Model Behavior

Photo shoot day: “Oh no… babe, didn’t you need to get up?”

My husband’s voice jolts me awake. “What time is it?!” “5:25.” I breathe a sigh of relief. Even as he’s saying the time, he remembers that I set an alarm for 5:30. “Sorry,” he mumbles, already drifting back off. I wait until the opening chords of “Morning Has Broken” start drifting from my phone, then turn the alarm off and haul my 29-week pregnant body up off the warm, comfy bed.

It’s go time.


When we moved to Japan, we kept hearing things about child modeling being a great opportunity for American kids, but I was reluctant. I had looked into signing our daughter up to model in the U.S. but I just didn’t feel good about it.

However, when I saw an acquaintance’s daughter skipping through the pages of a kids’ clothing catalogue via Facebook, I decided it couldn’t hurt just to ask her how they liked it. When she told me it was easy, fun, and not stressful for her daughter, I showed her reply to my husband, and we figured we would give it a try.

A couple weeks later, Maggie was all signed up with an agency and then we just had to wait for the emails to start rolling in with audition information.

Today was Maggie’s fourth job, and so far, it has been great for her. Not only is she earning good money that we can use to start her college savings plan, we are also both getting to see parts of Tokyo we would probably have never seen otherwise. We meet a lot of interesting people from all over, she gets to play with other kids, and they put her in CUTE clothes. I’ve even learned some super helpful tricks for taming her crazy hair by watching the stylists at each set.

All that said, this is also very hard work. I wasn’t quite sure what to expect, but that first photo shoot wore me clean out. In my exhaustion, I may have described the experience to a friend later that day as akin to “herding drunk cats,” which might be a bit of an exaggeration. But trying to get two toddlers to stand side-by-side and look at a camera is no joke. Especially if they’ve been up for hours with no nap, are in unfamiliar territory, and have been given large quantities of sugary juice by well-meaning assistants.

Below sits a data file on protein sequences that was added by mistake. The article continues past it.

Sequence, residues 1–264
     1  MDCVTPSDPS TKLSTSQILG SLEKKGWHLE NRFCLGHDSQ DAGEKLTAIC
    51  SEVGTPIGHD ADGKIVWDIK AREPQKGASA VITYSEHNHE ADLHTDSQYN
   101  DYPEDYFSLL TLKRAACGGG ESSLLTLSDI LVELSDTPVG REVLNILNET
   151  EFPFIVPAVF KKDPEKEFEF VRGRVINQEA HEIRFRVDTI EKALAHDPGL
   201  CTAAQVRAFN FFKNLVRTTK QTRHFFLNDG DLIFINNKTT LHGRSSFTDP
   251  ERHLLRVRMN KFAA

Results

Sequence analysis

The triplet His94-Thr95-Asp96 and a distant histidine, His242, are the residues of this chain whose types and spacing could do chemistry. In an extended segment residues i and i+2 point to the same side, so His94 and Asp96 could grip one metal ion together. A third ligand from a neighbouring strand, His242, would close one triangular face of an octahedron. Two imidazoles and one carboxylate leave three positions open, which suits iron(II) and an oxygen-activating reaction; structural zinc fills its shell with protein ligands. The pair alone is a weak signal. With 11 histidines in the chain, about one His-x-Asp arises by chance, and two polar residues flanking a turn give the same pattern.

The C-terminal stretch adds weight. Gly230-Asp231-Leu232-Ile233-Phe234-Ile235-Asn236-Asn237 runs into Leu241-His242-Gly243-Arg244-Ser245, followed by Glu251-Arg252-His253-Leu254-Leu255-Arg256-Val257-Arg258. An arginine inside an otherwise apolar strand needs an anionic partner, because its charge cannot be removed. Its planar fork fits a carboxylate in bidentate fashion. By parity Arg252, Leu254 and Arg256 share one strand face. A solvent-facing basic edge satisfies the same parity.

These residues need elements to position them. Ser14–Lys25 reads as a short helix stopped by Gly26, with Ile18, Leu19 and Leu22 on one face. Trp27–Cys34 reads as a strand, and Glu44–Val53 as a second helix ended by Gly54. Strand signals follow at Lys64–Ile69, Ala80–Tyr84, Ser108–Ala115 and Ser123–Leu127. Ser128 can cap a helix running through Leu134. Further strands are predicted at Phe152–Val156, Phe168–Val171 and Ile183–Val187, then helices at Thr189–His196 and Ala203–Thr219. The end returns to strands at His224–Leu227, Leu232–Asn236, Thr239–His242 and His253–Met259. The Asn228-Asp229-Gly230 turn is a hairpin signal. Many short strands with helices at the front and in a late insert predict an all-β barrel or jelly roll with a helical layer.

Stairs to the bathroom!!

Then there are the unique challenges presented by traveling and working here in Tokyo. To say it is not a stroller-friendly city would be a gross understatement. Not only do many trains and subway stations have copious amounts of stairs and no elevators, sometimes they even elevate the bathrooms. Seriously, who does that? And during Maggie’s third photo shoot, we experienced a magnitude six earthquake while chilling on the second-floor veranda outside the studio. All in a day’s work!

Every company is also a little different. So far, our most recent job has been my absolute favorite. This team timed things well, ran the shoot very efficiently, and were obviously very well-practiced at keeping a tired toddler happily engaged in activities (not to mention well-equipped).

They have her booked for two more shoots in the next week, and I can hardly wait to see my baby in their Spring catalogue. In the meantime I have to keep my personal backstage snapshots private until they release the finished product. And that may be the hardest part of the whole thing!

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